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April 5, 2013
Oroville Mercury Register
August 28, 1943
Sgt. Colman Caughey Somewhere in England

Sgt. James C. (Colman) Caughey is now stationed somewhere in England. Colman, who is a Thermalito boy, was graduated from Oroville high school with the class of ’42 and began a machinist apprenticeship at the Western Pacific R. R. Shops, in Sacramento soon after graduation. He entered the service last March 16, receiving his basic training with the 398th Engineers, at Camp Claiborne, La. He finished his basic July 16 with sergeant’s rating. He is still with the same unit in England. Sgt. Caughey will be 19 next month, on Admission Day. His pet sport has always been baseball. Sgt. Caughey is the son of J. C. Caughey of Keddie and Mrs. Wilson Hoffman of Durham. Mr. and Mrs. John Caughey of Thermalito are his grandparents.

Marvin Strop Trains As Naval Electrician
His recruit training completed, Marvin William Strop, 18, son of Mr. and Mrs. William Strop, Pomona Avenue, Oroville, is now enrolled in the naval training school for electricians, located on the campus of the University of Minnesota, Minneapolis, Minn. Here he will undergo several weeks of intensive study, covering courses in electrical theory, mathematics, wiring, and electrical motors. Upon completion of this course, he will be eligible for advancement to the petty officer rating of electrician’s mate, third class. He was selected for this advanced training on the basis of a series of aptitude tests given him while in recruit training.

Georgia Moore Enters Marine Women’s Reserve
Ordered to report for basic training in the Marine Corps Woman’s Reserve at Camp Lejune, New River, North Carolina, on August 18, was Private Georgia M. Moore of Oroville. Private Moore, whose husband Herbert L. Moore is serving in the U. S. Army, expects to be assigned to a specialist school or a Marine station to free a Marine to fight after completing the six week course. She enlisted last June, but was placed on an inactive status before being called to North Carolina for training. She formerly lived on Pomona Ave, home of her parents, Mr. and Mrs. Owen G. Daniel, and was in charge of the local California Unemployment Insurance office.

Watkins Down “Under” Sees Other Local Men
Edward B. Watkins, a sergeant in the army engineers, has arrived in Australia, according to information received by his wife and his parents, Mr. and Mrs. Thomas W. Watkins of Oroville. William Watkins, another son of the Watkins, enlisted in the Seabees, August 7. He expected to train at Norfolk, VA. Sgt. Watkins said he saw two Oroville men in Australia, Pvt. Harold Strang of the army and Pvt. Robert Strang of the marines.
(Stu- Pvt. Robert Strang earned the Bronze Star.)

Cox Brothers Serve With Navy C. B’s
Mr. and Mrs. C. E. Cox of Robison street now have two sons in the Construction Battalion of the Navy. Released from his work after a long delay, Richard Edmund Cox, 24, the elder son, entered the service about two weeks ago and is now a fireman first class at Camp Peary, Williamsburg, Va. He is a graduate of the Long Beach schools and was employed at Moore’s Dry- dock in Emeryville prior to his induction. The younger Cox boy, David Merle, 18, is a hospital apprentice second class in the medical corps at Port Hueneme, Ventura. He reports that he is studying for his H.A. 1/c examination. He recently spent the weekend here with his family.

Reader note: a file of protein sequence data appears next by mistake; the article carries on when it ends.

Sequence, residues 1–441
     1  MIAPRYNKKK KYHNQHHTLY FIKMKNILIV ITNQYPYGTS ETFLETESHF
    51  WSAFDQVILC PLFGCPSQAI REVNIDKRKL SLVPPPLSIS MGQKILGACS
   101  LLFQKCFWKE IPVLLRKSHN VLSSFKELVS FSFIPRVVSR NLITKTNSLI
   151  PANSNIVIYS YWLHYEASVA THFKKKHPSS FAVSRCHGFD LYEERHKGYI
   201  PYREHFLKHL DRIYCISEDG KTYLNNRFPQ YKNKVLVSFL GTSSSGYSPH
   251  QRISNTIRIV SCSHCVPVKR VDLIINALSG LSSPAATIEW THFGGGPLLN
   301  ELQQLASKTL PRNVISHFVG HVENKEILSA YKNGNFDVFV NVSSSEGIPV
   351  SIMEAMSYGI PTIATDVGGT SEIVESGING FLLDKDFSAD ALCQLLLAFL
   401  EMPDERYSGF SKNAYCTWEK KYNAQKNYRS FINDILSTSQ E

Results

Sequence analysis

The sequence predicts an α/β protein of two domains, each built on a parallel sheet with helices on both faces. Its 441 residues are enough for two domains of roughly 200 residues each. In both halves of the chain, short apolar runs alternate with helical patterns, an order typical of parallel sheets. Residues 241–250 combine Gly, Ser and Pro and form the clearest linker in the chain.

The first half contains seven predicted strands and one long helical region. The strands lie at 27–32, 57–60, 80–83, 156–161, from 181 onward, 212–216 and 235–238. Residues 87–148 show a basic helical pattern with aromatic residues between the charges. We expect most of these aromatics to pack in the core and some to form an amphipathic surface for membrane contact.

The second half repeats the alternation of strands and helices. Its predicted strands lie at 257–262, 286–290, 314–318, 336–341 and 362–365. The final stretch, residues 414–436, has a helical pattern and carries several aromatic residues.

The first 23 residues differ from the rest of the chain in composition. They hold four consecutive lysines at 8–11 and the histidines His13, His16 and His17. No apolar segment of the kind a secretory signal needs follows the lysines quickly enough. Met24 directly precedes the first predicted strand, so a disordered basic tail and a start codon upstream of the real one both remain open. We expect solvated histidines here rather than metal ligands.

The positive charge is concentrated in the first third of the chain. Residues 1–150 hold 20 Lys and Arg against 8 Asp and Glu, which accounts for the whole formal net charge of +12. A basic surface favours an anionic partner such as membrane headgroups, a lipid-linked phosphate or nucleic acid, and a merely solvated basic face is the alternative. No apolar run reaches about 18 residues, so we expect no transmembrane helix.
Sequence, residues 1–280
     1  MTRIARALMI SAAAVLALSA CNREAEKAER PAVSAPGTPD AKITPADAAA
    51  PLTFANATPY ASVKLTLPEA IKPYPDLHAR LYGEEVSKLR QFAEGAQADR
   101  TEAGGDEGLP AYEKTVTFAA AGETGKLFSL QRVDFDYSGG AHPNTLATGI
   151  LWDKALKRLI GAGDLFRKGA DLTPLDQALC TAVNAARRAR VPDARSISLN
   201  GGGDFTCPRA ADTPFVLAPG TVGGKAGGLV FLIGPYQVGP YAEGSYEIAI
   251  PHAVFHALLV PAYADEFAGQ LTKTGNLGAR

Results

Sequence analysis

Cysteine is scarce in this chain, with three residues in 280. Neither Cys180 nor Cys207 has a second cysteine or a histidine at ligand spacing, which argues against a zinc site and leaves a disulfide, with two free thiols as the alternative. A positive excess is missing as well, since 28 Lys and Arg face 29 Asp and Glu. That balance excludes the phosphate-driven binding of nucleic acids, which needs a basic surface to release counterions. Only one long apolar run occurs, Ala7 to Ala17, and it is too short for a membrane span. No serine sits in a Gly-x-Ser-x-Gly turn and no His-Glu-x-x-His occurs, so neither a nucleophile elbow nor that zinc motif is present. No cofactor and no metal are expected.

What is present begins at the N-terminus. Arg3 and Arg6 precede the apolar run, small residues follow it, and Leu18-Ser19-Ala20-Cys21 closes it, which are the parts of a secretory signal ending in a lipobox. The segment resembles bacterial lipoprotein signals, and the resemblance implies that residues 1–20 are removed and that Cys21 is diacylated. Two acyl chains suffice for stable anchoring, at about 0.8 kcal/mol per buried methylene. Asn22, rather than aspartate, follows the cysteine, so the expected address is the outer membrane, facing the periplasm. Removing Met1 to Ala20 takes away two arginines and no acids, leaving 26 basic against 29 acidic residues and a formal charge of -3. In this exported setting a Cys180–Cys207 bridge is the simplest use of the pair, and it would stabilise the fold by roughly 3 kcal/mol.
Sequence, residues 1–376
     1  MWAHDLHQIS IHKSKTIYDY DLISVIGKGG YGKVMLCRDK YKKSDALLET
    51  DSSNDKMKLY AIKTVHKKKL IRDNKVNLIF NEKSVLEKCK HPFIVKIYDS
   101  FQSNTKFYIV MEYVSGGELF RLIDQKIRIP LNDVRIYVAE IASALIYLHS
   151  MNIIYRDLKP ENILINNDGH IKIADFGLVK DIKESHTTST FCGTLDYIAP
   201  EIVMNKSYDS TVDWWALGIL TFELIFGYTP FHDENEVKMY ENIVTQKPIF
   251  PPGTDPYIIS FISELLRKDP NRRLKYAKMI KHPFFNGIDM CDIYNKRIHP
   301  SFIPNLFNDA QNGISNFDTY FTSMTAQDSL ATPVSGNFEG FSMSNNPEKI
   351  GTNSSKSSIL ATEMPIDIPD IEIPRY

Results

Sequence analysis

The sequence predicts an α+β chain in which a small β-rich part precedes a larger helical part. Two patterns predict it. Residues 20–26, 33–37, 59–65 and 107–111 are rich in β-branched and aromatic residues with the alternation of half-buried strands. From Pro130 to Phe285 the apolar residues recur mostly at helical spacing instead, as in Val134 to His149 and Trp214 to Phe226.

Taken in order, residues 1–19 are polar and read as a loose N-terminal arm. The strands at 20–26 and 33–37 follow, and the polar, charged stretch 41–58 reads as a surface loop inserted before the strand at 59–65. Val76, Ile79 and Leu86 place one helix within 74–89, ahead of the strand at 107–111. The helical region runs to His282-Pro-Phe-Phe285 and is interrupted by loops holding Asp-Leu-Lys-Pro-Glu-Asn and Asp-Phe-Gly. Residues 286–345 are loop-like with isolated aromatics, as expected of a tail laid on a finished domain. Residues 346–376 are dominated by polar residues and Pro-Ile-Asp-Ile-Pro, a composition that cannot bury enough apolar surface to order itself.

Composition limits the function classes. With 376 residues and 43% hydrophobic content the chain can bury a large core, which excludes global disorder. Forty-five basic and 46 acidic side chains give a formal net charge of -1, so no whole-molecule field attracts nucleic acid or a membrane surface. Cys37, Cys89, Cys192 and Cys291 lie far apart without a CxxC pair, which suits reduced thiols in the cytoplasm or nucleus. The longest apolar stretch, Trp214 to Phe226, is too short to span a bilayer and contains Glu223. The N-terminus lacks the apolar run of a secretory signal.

Stu’s Notes:
It must be the water in Thermalito for young Sgt. Colman Caughey to make a sergeant so soon. I called Faye Anglin, OHS Class of 1942, who does the OHS Reunion for the early ‘40s and the late 30’s. She remember Sgt. Colman Caughey and he had come to some of her reunions, but she remembers his wife called some time ago and said he had passed a way, as so many millions of WWII men and women have.

In 1943 and up to 1944 June many men were sent to England for more training to get ready for the invasion of France, June 6, 1944.

I have known the Strang’s, Bob and Bud, of Oroville for years now, although I don’t know which one is which. They were in the Coast Guard in WWII, they guarded more than our Coast. The above mentioned Pvt. Harold Strang of the Army, I know almost nothing, we have him on our Killed In Action list. It states “ Harold A. Strang, Ssgt, Army. I see he was a private in August 1943 and in Australia. This is all new to me, as of today because I just found the above article in papers I got a long time ago from Gertrude Gilbert. Think of Australia in 1943, it was the southern end of the Pacific War, over the next two years Brave Young Men like PVT. Harold Strang would fight all the way up to Japan. Many would die, like Pvt. Harold Strang. Where did he die, I don’t know but I care tremendously. Why do we of Oroville not know. Someone out there must know. Help. We know so little, did he have a family? Was he a forgotten orphan who died for our Country, so long ago. Seems he died a Sgt. In the Army. Was Sgt Edward B. Watkins of Oroville, who saw him in Australia the last Oroville man to see him? Who was Sgt. Edward B. Watkins, my friend Al McLain, a WWII War Hero says he was in the class of OHS of 1941. That is all we know about him.